IN 1993, WILSON was diagnosed with ulcerative colitis, an incurable bowel condition characterised by inflammation and ulcers in the lining of the colon. Though not fighting at the time, he kept his condition in check and continued to train before being assigned to Bangkok in his new role with a New York City law the following year.

“I was living out of a hotel room, not eating regularly, too much spicy food,” says Wilson. “Things started to get out of control.”

The problem peaked in November 1995 when Wilson was forced to visit the washroom 24 times in a day. On his hurried return to Washington it was discovered he was suffering from cancer. It would be necessary for his entire colon to be removed. Wilson underwent surgery on January 31, 1996, followed by chemotherapy and radiation treatments.

An ileostomy (a surgical procedure bringing the ileum — the last portion of the small intestine — to the abdominal surface) means he will carry a colostomy pouch for the rest of his life.


“As long as there are no below-belt punches, I’m fine. I wear a foul protector beneath my trunks and that fits over and holds the colostomy pouch in place”


After the trauma of the surgery, Wilson set himself the goal of running a marathon. The following year he finished the New York City race in under five hours. But he missed the camaraderie of boxing and soon began training. “As long as there are no below-belt punches, I’m fine,” he says. “I wear a foul protector beneath my trunks and that fits over and holds the colostomy pouch in place.”

With Asia in his veins, Wilson returned to Bangkok as general counsel for Coca-Cola in the region in 1998, only to see his job downsized months later. “I was at my lowest ebb,” he says. To keep his protégé from sinking into despair, Wilson’s burly Thai trainer Decha Boonkamnerd — a former boxer in the Thai national team — organised his first post-cancer bout. Wilson won.

“This may sound corny,” says Wilson, “but the excitement and elation kept me going while things were so tough in my professional life.”

Since then, Farang Ba has fought more than 35 times in Thailand. Last year he sparred with Olympic light-middleweight bronze medallist Pornchai Thongburan. Wilson took the eight count three times. “I was way out of my league,” he laughs.

“That’s the thing about Craig,” says Sullivan, whose documentary takes its title from the words adorning Wilson’s boxing trunks. Farang Ba: Crazy White Foreigner has been shown at 15 film festivals around the world. “He’s such a lovely, humble man. Boxers and boxing are frequently portrayed in such an unflattering light, and yet here you have this kind and dedicated guy … He is the perfect ambassador.”

WILSON GUZZLES DIET-Pepsi (“Never Coke,” he says, holding a grudge) by the caseload when training. The only dietary side effect of the ileostomy is that he can no longer eat popcorn. The kernels cannot be digested and will block the tiny opening in his intestinal wall that links his digestive system to the colostomy pouch.

“I’m not a health-food fanatic but since the surgery I’ve made an effort to eat well. That means lots of fruit and fish, and relatively little meat.”

For days before a fight, Wilson avoids fried foods and concentrates on protein. The day before a bout, he overloads on carbs.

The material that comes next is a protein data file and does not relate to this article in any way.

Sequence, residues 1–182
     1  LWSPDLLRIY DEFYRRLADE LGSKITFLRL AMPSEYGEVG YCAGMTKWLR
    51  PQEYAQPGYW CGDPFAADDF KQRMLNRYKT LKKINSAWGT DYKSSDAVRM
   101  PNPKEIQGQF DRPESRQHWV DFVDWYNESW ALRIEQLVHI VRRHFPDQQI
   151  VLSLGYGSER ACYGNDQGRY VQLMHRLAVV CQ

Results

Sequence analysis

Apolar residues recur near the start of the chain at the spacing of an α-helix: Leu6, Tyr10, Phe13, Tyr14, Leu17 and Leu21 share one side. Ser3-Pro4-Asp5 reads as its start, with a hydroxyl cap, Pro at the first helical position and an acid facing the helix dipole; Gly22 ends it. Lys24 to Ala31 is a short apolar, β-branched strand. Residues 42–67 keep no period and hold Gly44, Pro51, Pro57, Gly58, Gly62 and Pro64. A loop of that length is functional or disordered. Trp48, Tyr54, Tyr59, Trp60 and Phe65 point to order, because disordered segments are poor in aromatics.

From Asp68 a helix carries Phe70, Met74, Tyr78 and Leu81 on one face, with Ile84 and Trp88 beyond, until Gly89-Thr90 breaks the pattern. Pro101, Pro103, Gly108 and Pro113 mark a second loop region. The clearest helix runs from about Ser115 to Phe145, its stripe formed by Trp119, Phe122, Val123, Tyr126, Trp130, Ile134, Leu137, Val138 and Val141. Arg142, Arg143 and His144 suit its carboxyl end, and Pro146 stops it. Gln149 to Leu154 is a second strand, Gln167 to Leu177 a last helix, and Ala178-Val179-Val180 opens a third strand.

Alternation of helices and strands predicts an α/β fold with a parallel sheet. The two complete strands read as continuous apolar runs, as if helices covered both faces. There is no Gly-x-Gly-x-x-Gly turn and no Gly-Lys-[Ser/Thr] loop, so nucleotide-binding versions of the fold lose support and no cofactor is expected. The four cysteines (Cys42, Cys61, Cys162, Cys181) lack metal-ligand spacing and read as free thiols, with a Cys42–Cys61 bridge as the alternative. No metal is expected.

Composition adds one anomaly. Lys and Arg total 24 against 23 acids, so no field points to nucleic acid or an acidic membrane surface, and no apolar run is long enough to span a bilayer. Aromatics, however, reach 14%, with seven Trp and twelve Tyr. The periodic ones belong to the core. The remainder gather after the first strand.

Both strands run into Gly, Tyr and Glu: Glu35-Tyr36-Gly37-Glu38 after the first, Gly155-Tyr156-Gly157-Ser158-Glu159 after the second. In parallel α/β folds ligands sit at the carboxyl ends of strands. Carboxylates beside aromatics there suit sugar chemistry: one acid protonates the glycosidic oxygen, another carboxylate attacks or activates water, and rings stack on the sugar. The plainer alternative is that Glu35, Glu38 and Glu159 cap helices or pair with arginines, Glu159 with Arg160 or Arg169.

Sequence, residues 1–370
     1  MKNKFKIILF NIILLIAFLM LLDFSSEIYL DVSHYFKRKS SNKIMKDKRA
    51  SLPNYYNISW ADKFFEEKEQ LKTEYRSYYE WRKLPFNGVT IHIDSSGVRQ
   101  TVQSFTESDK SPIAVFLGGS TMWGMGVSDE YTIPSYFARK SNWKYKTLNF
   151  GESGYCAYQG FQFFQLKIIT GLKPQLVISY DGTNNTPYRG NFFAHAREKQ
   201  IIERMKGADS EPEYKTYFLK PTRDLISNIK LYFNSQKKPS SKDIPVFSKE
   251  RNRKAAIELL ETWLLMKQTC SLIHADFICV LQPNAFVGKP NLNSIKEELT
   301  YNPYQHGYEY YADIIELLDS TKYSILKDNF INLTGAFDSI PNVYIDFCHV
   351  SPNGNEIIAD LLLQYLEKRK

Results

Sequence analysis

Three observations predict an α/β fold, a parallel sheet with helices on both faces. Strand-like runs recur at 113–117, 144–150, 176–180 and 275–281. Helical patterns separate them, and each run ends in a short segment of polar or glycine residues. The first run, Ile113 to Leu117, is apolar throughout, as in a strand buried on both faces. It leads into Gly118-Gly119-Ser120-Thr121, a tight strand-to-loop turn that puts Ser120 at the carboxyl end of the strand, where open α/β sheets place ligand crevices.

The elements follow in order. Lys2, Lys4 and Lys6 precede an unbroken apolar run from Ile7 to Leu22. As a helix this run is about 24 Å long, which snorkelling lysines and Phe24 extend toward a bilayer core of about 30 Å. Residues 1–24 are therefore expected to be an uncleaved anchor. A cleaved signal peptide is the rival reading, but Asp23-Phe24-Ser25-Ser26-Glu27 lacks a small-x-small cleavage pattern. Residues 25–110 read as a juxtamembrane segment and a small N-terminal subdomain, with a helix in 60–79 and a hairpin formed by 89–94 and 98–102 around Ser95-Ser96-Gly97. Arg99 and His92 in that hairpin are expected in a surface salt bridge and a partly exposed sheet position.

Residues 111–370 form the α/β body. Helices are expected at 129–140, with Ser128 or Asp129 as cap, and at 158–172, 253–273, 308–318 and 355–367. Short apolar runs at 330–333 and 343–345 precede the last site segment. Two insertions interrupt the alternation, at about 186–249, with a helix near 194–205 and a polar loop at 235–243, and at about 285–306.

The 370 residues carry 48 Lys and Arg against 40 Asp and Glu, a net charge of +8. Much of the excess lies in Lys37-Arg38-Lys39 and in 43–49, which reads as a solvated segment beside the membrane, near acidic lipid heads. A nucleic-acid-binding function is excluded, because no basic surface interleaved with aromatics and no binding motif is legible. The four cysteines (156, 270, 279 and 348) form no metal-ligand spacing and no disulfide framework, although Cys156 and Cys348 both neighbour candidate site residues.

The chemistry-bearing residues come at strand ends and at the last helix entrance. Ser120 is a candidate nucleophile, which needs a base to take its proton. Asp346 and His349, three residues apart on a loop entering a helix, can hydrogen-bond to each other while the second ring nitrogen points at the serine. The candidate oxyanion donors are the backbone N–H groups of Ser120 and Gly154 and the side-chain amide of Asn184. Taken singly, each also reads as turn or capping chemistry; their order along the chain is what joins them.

Bangkok’s heat and humidity are extreme so Wilson runs no more than five kilometres every other day in the Thai capital’s landmark Lumphini Park. His 90-minute daily boxing workout routinely involves stretching, slow and fast rope jumping, three rounds of shadow boxing, three to five rounds on punch mitts, two or three at the heavy bag, and six sets of 50 sit-ups. Additional focus practice picks a standard punch or movement — perhaps the uppercut or the hook — and dwells on that for a couple of rounds.

When a fight is approaching, two additional exercises are added to the programme: defence practice, in which Boonkamnerd throws punches that Wilson has to avoid or block, and “punishment”, whereby his trainer wears a glove and slugs the boxer three sets of 20 times in the stomach to strengthen abdominal muscles.

Once or twice before a fight, Wilson endures “sprints”: a workout Boonkamnerd picked up from the Thailand national team’s Cuban coaches.

“I stretch and jump rope before going 30 rounds, each round of 30 seconds, with only 10 seconds between each round, of full, fast, all-out, nonstop workout: five rounds of shadow, 10 rounds on the punch mitts, 10 rounds on the heavy bag, and five rounds of fast jumping rope,” Wilson says.

“By the time that workout is over, I feel like a limp and soaking-wet rag-doll.”

Wilson's 2011 memoir documents his improbable career as Asia’s oldest amateur boxer and his fight to overcome cancer.

ON THE MORNING of the fight in Prathai, Wilson woke early to jump rope. In the afternoon, he slow jogged for five minutes to get the blood pumping and then indulged in some relaxed shadow boxing.

But while his knowing opponent Sorjaturong saved his energy by hiding in the shade during the hot afternoon, Wilson embraced the boisterous temple-fair festivities with an ear-to-ear smile. To the joy of the villagers, he shamelessly danced with them through the dusty streets, among the scrabbling chickens and scrawny goats. He warmly shook every outstretched hand under the blazing tropical sunshine for more than two hours.

And that may have been his downfall.

Driving back to Bangkok after the fight, trainer Boonkamnerd is behind the wheel of Wilson’s silver BMW and Sorjaturong is asleep in the back. A soothing Mozart sonata plays on the CD player while Wilson fusses with an icepack, holding it to the gaping gash above his left eye that stopped the fight in the third. He will need eight stitches.

The American is quiet and contemplative. Perhaps work is a worry: it’s already 3am and gregarious Farang Ba needs to transform into a mild-mannered lawyer Craig by 8am, when he must be at his desk.

Maybe he is fondly recalling the sonic Mexican wave of surprised “ooohs” and “ahhhhs” that greeted the climax to the night’s bout, when Wilson pulled off his headgear to reveal his sweating pate — and that Farang Ba is only young at heart.

Or is he thinking about the responsibilities that come with the Sports and Martial Arts Center (SMAC), a Bangkok initiative co-owned by Wilson that gives disadvantaged Thai youngsters the opportunity to boost their self-esteem through boxing? It’s impossible to believe he might be down about the fight’s result.

“I was a great day,” bloodied but unbowed Wilson says with a sigh, as the twinkling lights of the city hove into view. “Sure, I’m disappointed. But the way I look at it, every time I climb in the ring, win or lose, it’s another nail in cancer’s coffin.” ◉

This story was commissioned in 2004 by a new US mag called Drill (an FHM/Maxim-like title aimed at the military and described as being "for men who just happen to jump out of planes or hide in foxholes for a living"). Drill was soon cancelled and the editor took my story with him to Men's Fitness. But then he left that mag, too. The disappointing outcome was that while I was paid two kill fees for the text (good), it never ran anywhere (bad).